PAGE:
15Five strives to be a deliberately developmental organization. It’s actually one of the tenets of Best-Self Management. We practice this a number of ways: we give people $500 of “birthday money” to go grow in some way – this could be learning something new, or overcoming a fear. We pay for people to go to conferences, and we invest in skills training for each person. On my Revenue team, the Sales team and the Customer Success team each meet twice a week for 30-minute “skill-ups” to learn best practices. It’s important to note that we’re not just trying to develop people professionally; we want each person to leave 15Five having had significant personal and professional growth.
Q. 15Five has an HQ in San Francisco and Raleigh. What do you think the greatest challenge(s) is/are for a CRO in the present Triangle startup environment?
I’ve spent my entire career in the Triangle, so leading a team of people across Raleigh, NYC, and SF has taught me a lot. In the Triangle, we would all benefit by spending more time together learning from one another and building the local ecosystem of talent, insights, investors, and innovation that spurs growth. There are a number of organizations working on this (Triangle Revenue Exchange, Innovate Raleigh, American Underground, HQ Raleigh, etc), but it requires the full community to invest. And let’s be honest, that’s really hard when you’ve got a demanding job, a family at home, and want to maintain some friendships/hobbies. One big difference I see between SF and Raleigh is the convergence of this in people’s lives. Their social life is tech; their hobby is tech. That’s less common in the Triangle, so it becomes both a strength and a weakness for our region.
Q. We spoke in depth about multi-generational talent. In your role as a teacher/coach/manager/mentor is there something you learned from those you lead that you want to share?
I’m a “Xennial” (it’s a fake, real thing, I promise), so I find myself so often identifying with both Gen X and Millenials. Probably my favorite thing about Millenials and the people I lead and mentor is their desire to make a contribution to fixing things. I don’t see them blaming, I see them engaging. They constantly ask themselves, “What can I do to make this better?” That’s a worldview based on optimism and hope that I wish we all had.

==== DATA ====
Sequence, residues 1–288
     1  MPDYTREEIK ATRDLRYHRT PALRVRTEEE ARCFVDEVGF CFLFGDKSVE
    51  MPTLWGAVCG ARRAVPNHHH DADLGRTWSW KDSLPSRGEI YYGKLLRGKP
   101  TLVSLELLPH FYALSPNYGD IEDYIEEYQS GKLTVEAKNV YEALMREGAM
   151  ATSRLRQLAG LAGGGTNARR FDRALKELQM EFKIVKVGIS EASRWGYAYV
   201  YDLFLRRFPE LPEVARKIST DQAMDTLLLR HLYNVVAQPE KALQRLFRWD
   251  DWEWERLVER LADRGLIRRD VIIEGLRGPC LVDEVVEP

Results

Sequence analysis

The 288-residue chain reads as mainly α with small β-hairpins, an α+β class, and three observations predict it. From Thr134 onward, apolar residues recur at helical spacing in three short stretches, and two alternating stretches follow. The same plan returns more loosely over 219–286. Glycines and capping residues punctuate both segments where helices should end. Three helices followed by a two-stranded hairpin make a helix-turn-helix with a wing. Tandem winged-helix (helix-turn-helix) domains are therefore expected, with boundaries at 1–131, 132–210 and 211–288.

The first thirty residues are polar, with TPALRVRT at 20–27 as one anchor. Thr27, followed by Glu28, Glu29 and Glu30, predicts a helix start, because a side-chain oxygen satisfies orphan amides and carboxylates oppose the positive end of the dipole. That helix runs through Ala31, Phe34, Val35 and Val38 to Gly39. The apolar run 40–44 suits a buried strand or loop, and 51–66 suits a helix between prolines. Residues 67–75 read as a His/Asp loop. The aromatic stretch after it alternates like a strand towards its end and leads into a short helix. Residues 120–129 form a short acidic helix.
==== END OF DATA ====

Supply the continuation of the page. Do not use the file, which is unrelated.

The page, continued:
Q. Share something we might not know about you—preferably personal.
Since college, I’ve had this goal of qualifying for the Boston Marathon. For me, it’ll be really hard, but it’s also attainable. Unfortunately, I’m a pretty lazy runner, so while I’ve run four marathons, I never really trained for the first three. Four years ago, I got focused and trained for eight months, going from “completely out of shape” to “Boston-qualifying ready.” I’ll skip the details of marathon #4, but the outcome was that I missed qualifying by 13 seconds—literally half a second per mile. If you do the math, I accomplished 99.99% of my goal… but I missed it. My wife wants me to check it off the list and move on, but I can’t. So I just started training for marathon #5.
Q. Most of us don’t go around saying “When I grow up I want to be a sales leader.” I said I wanted to be a veterinarian or lawyer but NEVER did I utter, “I aspire to be in talent management.” What did you want to be?
8 yrs old: Olympic swimmer and professional lacrosse player
13 yrs old: Sports anchor on ESPN. Stuart Scott was my hero.
16 yrs old: Professional racecar driver
19 yrs old: Sports anchor (hence Journalism major at Carolina)
23 yrs old: Nonprofit CEO
26 yrs old: Tech entrepreneur
35 yrs old: Husband, Father, Mentor, Coach, Leader. As long as I keep getting to do this, I’ll be happy.
Q. If you could change something/anything (pie in the sky) what would you change?
I’d want people to know how deeply they are loved by their friends and family so that they can stop doing selfish, short-sighted, unhealthy, and unkind things in a desire to feel worthy of being loved. We all struggle to feel worthy of love, but we are all worthy of it. I think this would help solve a lot of society’s problems.
Q. Tell me about a time you failed. No, kidding (had my Recruiter hat on). My real question is this: Fast forward 10 years from now—where do we find Brad?
45 yrs old: Husband, Father, Mentor, Coach, Leader…. and Boston Marathon finisher.